The film worked off three Miller "stories"-and the best of the three-THE BIG FAT KILL-starred Mickey Rourke. He can think of this film as his return to the big time. He is brilliant. His character, Marv, is perfectly fitted for this new genre-and his acting, and the action he precipitates-blows all the others in the film out of the water. This may be Rourke's finest performance. He has been a pro boxer, as well as actor-and he needed that physical prowess for this role.

Everyone in the film was impressive-with the likes of Clive Owen, Powers Boothe, Rutger Hauer, Nick Stahl, Benicio Del Toro, Elijah Wood, Michael Madsen, Josh Harnett, and Michael Clarke Duncan all making love, murdering, or slapping around women like Jessica Albo, Jamie King, Rosario Dawson, Carla Gugino, and Brittany Murphy. One critic wrote," This is a Mickey Spillane fever dream!"

There is a rumor that in the director's cut RR will include some deleted scenes that he shot to flush out all three of the Miller stories. It appears that a sequel is imminent-absolutely necessary. Most of us can't wait for the next installment-to cruise Old Town, prowl the Roark farm, beware of the warrior hookers, love the hot babes, dodge the bullets and swords and knives, and stare at those great cars.

Buy Sin City (Two-Disc Theatrical & Recut, Extended, and Unrated Versions) (2005) Now

I wish the rating scale went up to 10 stars because I'd enthusiastically give them all to Sin City. I've watched it a dozen times and am still blown away by the dialog and gritty throwback feeling it evokes of the old 30's and 40's hard-drinking, hard-fighting tough guys. It actually inspired me to sit down the night I saw it, and jot down the outline for a Film Noir type novel that's now moved to my front burner after completion of my third novel in my McCarthy Mystery series. I just hope I can write something half as compelling as Sin City.

The film makes no apology for the raw lust and violence and yet never falls into campy self-parody.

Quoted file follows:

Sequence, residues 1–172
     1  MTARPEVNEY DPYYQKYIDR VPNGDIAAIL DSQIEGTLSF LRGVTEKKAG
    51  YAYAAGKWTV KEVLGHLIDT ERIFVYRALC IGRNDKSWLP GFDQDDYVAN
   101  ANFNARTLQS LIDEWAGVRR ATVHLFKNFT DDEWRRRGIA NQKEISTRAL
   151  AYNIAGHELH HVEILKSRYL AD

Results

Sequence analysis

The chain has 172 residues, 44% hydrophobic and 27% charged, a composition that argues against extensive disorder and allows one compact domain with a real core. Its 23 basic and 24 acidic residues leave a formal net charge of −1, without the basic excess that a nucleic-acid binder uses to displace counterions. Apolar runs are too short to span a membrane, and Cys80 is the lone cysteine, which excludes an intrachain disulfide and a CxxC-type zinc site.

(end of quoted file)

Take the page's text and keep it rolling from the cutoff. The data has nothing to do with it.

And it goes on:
But it's the film-work, the use of light and shadow and especially color that really blows you away. Yellow for the corrupt, cowardly blood of the pederast villain. Masterful!

If you haven't seen Sin City, give your senses a treat and buy the DVD.

You won't be disappointed!

Read Best Reviews of Sin City (Two-Disc Theatrical & Recut, Extended, and Unrated Versions) (2005) Here

It is now official that Robert Rodriguez will be releasing a full, 2-disc special edition copy of Sin City in early December. It will feature the film (theatrical version and a version in which the three tales can be viewed separately)and a disc of bonus features (ten minute cooking school, ten minute film school, a few commentaries, trailers, poster gallery, and a load of featurettes).

So if your just looking for the theatrical version and nothing more, buy the featured DVD now. If your a fan, and want all of the nooks and crannies, I think you can hold out until late November or early December, trust me, it should be worth it.

Want Sin City (Two-Disc Theatrical & Recut, Extended, and Unrated Versions) (2005) Discount?

Sin City has finally come out on PSP, and my god it doesn't get better than this.

A few words about the movie This is, without a doubt, a MASTERPIECE of film-making, and definately live's up to the hype surrounding it's release.

Now that's said, let's get onto technical side of the UMD disc.


Sin City looks absolutley JAW DROPPING on PSP. Consistently sharp, contrasty as hell with solid "BLACK" blacks, no evidence of grain or compression artifacts, and no bleeding's a SOLID performance from Mirimax/Dimension. The OAR is untouched, keeping it's original 1:85 ratio (with tiny little black bars at the top and bottom). Subtitles are large, displayed in yellow, and easily readable against the image. Overall, this is a faultless presentation.

Video: 5/5


The sound on this baby packs quite a punch, and right from the word go you'll be pleasantly surprised. Make sure you crank this up to full volume, as it deserves this experience to be fully appreciated. Overall, a nice job boys.

Audio 4.5/5


Now, this is the first UMD disc that i own, to spoil you with more than just your usual trailers. Like the DVD release, we get the gorgeous animated menus aswell as the 8 min "Behind-the-scenes" featurette, giving you a teaser of what we'll expect on the future Director's edition coming out.

Extras: 4/5

Overall this is, without question, the disc to own this season. And for under $20, there's no excuse not to buy. Fantastic Visuals, Excellent Audio, and great extras, this is the benchmark for future UMD releases. Get used to this kinda UMD treatment boys and girls.

Overall 5/5